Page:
Ismene is shown as an obedient and sober girl. In contrast, Antigone is moody and impulsive and not so beautiful and attractive like her sister. Antigone’s animosity with her sister is due to another aspect of her sister’s personality. It has to do with the femininity. Antigone hates her sister to the point of being brutal, and this peculiar relationship is seen right through her childhood.
Antigone is so ruthless on her sister that she once binds her to a tree to mutilate her. She is extremely jealous about men appreciating her and the inherent capacity of her beauty to attract men. She goes to silly and extreme extent and wishes to become the woman of Haemon and for that she schemes to steal the feminine assets like, perfume, powder, frock, rouge and lipstick. A peculiar love-hate relationship is pictured between the two sisters.
As explained earlier, Antigone’s solid determination to bury Polynices has twin objectives. To honor the family relationship, and to challenge the unjust authority! Her loyalty and adherence to the familial traditions is deeper than her loyalty to the present ruler.
She makes a fervent appeal to her sister Ismene that they must care for the brother more than anything and show their sisterly love. This is the intense power of her internal, heart to heart relationship with her brother. Over this issue, she is willing to betray the state if at all some think that it is an act of betrayal. However, she does not mention a word about divinity and divine laws being on her side. She does not crave to establish any sort of holy relationship. Her loyalty and relationship is with the laws of the family in the present case.
The dilemma of power and relationship is highlighted in the peculiar attitudes of Creon, when he applies two different yardsticks for the same question in identical situations. Like Antigone he too values family traditions. Here is a rare agreement between the two contending powers; two opposing powers; the powers that do not see eye to eye on vital issues.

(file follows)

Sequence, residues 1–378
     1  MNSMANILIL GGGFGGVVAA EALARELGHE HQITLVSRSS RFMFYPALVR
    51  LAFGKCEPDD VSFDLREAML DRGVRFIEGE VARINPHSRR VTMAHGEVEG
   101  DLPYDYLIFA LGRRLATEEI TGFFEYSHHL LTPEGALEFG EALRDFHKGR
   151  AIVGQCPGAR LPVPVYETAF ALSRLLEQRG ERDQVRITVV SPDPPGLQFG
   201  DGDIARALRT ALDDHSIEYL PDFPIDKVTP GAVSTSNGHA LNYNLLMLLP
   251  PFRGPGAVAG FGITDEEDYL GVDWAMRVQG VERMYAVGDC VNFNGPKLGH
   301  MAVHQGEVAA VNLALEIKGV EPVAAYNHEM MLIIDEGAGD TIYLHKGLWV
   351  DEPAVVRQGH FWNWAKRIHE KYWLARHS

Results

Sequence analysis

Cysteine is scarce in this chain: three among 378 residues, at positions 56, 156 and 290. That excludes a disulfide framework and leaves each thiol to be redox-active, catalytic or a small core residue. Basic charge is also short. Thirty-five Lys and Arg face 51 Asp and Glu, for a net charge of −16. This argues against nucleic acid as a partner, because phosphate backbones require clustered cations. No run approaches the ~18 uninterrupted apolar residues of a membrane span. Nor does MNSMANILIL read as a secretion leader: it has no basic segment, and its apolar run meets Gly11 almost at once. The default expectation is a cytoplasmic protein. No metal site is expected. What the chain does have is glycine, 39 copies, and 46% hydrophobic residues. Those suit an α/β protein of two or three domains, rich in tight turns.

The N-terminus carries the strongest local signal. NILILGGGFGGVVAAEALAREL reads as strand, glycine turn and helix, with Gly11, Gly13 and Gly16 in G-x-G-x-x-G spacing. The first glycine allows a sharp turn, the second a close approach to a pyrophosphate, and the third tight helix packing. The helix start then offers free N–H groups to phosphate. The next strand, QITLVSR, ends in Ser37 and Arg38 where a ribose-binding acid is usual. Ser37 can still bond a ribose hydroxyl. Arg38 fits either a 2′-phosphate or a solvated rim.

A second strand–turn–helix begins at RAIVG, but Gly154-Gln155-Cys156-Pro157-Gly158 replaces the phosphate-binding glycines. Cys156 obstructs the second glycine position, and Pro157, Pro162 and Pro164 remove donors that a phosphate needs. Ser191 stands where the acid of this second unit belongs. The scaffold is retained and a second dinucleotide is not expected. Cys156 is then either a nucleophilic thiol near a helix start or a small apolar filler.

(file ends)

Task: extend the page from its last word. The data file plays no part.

When dealing with Haeon, Creon demands of him obedience as the son first and citizen next. He counsels his son that all other issues are secondary as compared to father’s wish. This is nothing but soliciting vote for such a contradictory relationship. In Antigone’s case, he declares that the laws of the state are supreme-obedience to them is absolutely necessary for the citizen. Thus, Creon falters, when dealing with his own case.
The Odyssey by Homer:
Homer, the blind bard, is credited with authorship of The Odyssey. Or has he done simply the summing up of the long Greek tradition of unwritten, oral poetry? The scholar’s debate on this issue still persists. This epic is composed between 750 and 650 BC. The power of relationship is explicitly seen between Odysseus and his wife Penelope. Penelope is in a highly disadvantageous position. She has not seen her husband for twenty years. She is intensely troubled by a number of suitors, who think that Odysseus is no more.
Why has he not returned to his Kingdom, even after the lapse of ten years from the end of Trojan War? Her young son, Telemachus, is unable offer tangible opposition to the suitors. One among them, Antinous, has plans to assassinate him, because he is the only successor to the assets of Odysseus. Under such grim circumstances, Penelope exhibits the strength of her loyal relationship to her husband. Odysseus, besides his physical prowess, is a quick-thinking individual. He is capable of meeting the challenge of tough situations and his presence of mind is extraordinary. He excels in converting situations of defeat into victories. He is an excellent orator and has the capacity to sway his audience.